I am not sure what "drypack" is but I assume its a means of de-coupling floor and tile. Is it true that you need 1 to 11/2 inches of this for a floor if not using Ditra or cementboard?

All of the contractors who have bid the job state that the tile will be bonded directly to the floor. I assume this is not good.

BTW, I live in San Jose, California

Thank you.
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Old 07-23-2013, 05:51 PM   #6
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Joe,

Lets get one big question out of the way before we continue..

What kind of subfloor do you have? Is it a wood structure or is it a concrete slab?

Also, for what it's worth, a solid and adequate subfloor, whether it's wood or concrete can handle a tile installation for many decades if it is installed correctly. And by installing it correctly.. I mean correctly using any of the current industry standards. Whether it's direct bond to concrete, CBU on wood, DITRA on concrete or wood, mud bed (or Dry Pack) on top of wood or concrete.. Point is, as long as the installation is correct there really isn't a need (in my opinion) to worry. Each person has their own preferred method.. and a lot of folks here are very much "pro-Schluter" for various reasons. Myself, I'll take cement board, a concrete slab or a mud bed any day of the week.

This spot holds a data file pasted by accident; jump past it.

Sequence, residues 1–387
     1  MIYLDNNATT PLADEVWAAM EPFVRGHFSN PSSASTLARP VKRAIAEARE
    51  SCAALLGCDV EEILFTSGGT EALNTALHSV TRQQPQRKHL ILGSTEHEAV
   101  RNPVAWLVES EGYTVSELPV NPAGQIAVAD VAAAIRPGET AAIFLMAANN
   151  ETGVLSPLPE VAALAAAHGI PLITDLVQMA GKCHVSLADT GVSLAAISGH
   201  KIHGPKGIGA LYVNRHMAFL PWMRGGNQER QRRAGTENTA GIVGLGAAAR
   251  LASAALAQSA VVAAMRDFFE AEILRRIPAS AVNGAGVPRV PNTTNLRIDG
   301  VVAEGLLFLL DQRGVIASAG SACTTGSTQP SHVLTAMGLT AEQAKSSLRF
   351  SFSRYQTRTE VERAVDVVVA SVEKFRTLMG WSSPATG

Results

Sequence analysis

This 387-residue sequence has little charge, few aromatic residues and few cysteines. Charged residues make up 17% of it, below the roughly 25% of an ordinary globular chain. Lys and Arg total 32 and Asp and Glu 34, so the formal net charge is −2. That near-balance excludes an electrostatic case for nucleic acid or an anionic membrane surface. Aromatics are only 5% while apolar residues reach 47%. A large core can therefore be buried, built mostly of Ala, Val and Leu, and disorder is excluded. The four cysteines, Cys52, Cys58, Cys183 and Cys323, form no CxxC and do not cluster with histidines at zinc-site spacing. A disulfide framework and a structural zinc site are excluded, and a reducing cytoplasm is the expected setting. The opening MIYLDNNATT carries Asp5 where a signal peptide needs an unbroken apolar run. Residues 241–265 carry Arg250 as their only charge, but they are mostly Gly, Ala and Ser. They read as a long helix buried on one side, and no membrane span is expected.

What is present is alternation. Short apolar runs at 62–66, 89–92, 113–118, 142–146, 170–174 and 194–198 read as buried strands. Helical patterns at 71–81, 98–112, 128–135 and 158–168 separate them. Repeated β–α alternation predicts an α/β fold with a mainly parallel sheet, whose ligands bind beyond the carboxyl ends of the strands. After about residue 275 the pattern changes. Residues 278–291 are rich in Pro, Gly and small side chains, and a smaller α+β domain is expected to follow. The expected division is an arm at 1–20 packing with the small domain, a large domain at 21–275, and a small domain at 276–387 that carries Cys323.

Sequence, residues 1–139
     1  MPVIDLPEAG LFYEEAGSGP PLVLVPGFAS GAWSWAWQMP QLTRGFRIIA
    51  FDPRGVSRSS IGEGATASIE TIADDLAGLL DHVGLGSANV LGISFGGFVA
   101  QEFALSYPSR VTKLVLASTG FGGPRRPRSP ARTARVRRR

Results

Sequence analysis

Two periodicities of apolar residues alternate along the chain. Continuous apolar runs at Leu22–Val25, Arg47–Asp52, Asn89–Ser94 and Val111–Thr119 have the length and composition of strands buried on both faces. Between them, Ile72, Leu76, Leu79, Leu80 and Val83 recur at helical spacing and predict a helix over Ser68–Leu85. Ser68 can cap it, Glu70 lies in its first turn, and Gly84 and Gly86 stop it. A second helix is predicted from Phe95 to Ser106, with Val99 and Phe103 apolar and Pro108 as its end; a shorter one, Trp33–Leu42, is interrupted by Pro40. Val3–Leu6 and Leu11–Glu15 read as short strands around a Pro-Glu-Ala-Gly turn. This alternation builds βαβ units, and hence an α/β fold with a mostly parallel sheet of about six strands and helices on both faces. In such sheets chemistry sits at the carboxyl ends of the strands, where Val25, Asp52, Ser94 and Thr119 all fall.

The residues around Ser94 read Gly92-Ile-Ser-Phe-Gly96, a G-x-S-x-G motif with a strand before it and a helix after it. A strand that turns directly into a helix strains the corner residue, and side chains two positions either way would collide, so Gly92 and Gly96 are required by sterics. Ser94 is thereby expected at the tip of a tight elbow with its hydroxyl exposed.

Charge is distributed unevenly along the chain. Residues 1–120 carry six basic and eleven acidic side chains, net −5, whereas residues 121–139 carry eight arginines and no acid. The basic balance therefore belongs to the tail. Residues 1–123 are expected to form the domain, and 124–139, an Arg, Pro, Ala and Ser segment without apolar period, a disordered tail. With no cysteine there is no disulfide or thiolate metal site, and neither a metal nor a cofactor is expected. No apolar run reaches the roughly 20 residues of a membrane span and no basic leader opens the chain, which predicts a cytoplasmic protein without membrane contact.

There are two main advantages to DITRA. It's uncoupling properties and the thickness of the product.

Mudbeds go back many many many years and there are 100s if not 1000s of incredibly old floors that are still rock solid to this day that were installed on top of a mud bed. Again, it goes back to a correct and proper installation like I mentioned above.
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Old 07-23-2013, 06:02 PM   #7
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Joe, it'll help if you'll keep all your project questions on one thread so folks can see what you're working on and what's been previously asked and answered. We can give it a more generic title any time you'd like to suggest one.

And again:
Quote:
Originally Posted by CX Post 2
(if you'll add a geographic location to your User Profile it'll help in answering some kinds of question. Otherwise we hafta guess you're in California)
Keep in mind that there are two distinctly different kinds of "mud" used in tile work, one for walls and other vertical surfaces and one for floors.

In regards to your thinset mortar question, it's common for the tile contractor to supply such materials for the job, so I recommend you find out what they intend to use and we can comment on that if you like.